The Last Word
Robert Matthews on why natural disasters don’t worry us more
HUMANITY OUGHT TO WISE UP ON THE LONG-TERM RISKS
hat would you think if a nuclear-tipped missile zoomed through space and nearly hit a satellite or two? That’s pretty close to what actually happened on 12 October last year – except that the ‘missile’ was under no one’s control.
Travelling at over 25,000 km/h, the housesized chunk of rock known as asteroid 2012 TC4 packed the punch of a few dozen atomic bombs as it flew overhead, at a similar altitude to many communications satellites. Yet after a bit of media coverage, the event soon went the way of all such ‘cosmic close shave’ stories, and disappeared off the news radar entirely.
Even when one of these objects actually does make it through the atmosphere – as one did over Chelyabinsk, Russia in 2013, injuring over 1,000 people – we all soon forget about it. But are we being too complacent? Many scientists argue that we are, and they claim to have evidence to prove it.
The trouble is, that evidence isn’t very compelling. Exhibit A is that the chances of dying in an asteroid impact that trashes the planet are around one in 75,000 – that’s double the risk of being killed by lightning. But wait, that can’t be right, surely? After all, the last time the Earth got totalled was around 65 million years ago, when the dinosaurs were wiped out.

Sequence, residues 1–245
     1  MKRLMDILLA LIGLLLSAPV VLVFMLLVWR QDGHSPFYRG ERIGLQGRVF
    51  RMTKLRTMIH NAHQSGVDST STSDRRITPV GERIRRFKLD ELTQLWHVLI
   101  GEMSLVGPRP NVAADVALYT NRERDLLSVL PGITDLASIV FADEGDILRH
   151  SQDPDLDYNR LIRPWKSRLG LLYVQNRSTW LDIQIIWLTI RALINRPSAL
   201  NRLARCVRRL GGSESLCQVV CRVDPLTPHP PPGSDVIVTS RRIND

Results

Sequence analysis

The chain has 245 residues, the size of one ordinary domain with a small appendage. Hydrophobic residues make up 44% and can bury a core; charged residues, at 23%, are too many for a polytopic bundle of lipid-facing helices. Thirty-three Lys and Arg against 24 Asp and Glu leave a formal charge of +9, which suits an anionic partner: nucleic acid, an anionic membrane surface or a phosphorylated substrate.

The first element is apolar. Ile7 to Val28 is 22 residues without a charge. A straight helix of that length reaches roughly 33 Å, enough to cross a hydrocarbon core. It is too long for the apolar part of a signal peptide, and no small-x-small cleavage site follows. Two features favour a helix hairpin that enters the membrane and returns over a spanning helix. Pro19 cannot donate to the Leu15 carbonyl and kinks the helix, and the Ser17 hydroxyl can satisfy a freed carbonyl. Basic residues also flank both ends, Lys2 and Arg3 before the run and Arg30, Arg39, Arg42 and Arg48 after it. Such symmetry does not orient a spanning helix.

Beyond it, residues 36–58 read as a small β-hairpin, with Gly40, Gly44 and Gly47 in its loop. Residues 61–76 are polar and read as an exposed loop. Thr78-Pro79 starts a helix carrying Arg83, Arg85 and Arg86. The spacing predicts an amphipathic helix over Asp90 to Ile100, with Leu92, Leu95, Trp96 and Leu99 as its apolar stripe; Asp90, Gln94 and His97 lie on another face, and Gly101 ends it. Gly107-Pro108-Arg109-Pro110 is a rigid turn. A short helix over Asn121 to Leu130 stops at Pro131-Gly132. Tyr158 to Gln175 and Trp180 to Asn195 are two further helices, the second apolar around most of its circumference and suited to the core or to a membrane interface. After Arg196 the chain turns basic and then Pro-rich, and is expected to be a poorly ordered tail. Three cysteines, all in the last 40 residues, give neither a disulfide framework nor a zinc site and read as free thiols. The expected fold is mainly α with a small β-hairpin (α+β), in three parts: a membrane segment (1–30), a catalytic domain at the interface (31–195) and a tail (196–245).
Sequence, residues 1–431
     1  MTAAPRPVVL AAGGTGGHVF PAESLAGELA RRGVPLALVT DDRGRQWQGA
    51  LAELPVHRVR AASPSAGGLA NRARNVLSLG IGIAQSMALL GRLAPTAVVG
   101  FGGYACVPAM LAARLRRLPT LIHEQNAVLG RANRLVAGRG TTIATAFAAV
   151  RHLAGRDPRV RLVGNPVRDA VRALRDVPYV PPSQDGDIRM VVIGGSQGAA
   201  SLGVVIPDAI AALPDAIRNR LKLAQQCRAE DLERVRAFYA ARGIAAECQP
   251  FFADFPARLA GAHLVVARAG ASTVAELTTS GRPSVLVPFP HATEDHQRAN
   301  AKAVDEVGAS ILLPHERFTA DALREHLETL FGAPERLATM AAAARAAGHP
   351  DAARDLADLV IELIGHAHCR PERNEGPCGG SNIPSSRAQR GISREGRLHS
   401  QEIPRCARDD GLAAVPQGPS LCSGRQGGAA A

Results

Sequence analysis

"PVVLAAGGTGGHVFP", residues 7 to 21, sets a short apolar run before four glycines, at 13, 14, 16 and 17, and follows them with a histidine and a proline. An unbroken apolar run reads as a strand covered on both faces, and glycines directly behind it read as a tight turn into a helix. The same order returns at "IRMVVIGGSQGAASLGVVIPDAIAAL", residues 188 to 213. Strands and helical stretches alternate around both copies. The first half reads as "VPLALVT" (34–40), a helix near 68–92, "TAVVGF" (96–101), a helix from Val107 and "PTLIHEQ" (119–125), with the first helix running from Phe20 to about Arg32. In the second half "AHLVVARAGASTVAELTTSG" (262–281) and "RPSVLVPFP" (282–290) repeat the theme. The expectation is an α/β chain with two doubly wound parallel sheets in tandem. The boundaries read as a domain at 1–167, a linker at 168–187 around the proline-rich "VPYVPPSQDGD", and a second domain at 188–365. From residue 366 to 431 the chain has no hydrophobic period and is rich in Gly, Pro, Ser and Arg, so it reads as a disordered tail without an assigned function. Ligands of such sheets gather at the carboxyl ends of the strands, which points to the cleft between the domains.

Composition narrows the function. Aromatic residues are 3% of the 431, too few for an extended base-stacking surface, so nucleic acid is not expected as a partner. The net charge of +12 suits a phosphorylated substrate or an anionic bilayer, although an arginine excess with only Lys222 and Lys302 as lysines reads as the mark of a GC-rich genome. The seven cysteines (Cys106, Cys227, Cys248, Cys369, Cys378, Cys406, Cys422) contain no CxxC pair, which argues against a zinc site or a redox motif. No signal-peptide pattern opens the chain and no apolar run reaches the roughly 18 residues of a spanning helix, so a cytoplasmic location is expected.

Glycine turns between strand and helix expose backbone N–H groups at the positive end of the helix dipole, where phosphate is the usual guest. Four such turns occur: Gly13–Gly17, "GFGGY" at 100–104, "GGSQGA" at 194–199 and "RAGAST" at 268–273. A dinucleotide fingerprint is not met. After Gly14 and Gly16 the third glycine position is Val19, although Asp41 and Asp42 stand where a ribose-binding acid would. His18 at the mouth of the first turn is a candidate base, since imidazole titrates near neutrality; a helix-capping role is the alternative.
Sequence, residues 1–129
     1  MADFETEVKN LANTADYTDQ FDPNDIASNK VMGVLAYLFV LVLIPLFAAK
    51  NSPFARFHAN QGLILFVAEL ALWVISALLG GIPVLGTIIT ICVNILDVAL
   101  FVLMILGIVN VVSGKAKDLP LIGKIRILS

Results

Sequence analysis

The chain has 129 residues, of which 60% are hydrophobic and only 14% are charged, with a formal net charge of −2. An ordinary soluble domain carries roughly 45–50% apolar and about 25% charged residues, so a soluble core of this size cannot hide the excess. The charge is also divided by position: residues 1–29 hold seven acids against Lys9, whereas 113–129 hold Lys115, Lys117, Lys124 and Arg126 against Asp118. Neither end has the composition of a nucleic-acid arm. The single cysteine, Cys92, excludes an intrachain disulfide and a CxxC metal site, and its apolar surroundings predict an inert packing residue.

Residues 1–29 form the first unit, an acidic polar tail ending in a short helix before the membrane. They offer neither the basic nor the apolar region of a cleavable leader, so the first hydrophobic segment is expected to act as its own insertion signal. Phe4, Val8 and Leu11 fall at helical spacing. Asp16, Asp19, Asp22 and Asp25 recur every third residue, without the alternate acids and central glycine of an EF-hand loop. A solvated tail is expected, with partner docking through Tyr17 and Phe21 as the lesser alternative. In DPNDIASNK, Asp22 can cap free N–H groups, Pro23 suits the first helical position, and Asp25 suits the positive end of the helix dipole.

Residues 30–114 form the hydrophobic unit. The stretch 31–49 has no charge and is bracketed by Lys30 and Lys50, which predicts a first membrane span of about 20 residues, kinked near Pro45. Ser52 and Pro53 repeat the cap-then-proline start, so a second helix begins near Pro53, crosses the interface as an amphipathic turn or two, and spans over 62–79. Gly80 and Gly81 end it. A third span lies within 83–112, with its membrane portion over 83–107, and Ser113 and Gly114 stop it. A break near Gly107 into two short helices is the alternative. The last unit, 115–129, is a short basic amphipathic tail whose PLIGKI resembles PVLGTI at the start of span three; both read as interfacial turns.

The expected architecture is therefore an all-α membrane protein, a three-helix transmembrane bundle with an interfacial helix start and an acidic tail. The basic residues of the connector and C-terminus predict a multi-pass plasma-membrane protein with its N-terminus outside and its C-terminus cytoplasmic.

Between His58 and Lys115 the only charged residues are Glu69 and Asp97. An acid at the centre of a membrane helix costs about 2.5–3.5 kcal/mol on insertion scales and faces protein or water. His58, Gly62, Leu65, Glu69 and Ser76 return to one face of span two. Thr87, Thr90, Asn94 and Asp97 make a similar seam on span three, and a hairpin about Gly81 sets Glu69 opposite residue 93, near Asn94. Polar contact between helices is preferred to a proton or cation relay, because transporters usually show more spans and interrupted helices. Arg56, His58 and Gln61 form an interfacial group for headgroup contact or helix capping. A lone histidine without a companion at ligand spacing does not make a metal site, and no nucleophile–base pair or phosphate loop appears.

The explanation lies in the fact that this risk depends on more than just how frequent the event is. While massive asteroid impacts are far rarer than lightning strikes, the likely death toll is millions of times higher – leading to that surprisingly high final risk figure.
Multiplying the frequency of the event by its consequences has long been deemed the only scientific way to make decisions about risk – and the theory behind this is pretty solid. But as a way of getting people –and politicians – to take risks of natural disasters seriously, it doesn’t really work.
That’s because the formula is only really helpful for deciding how best to protect the whole of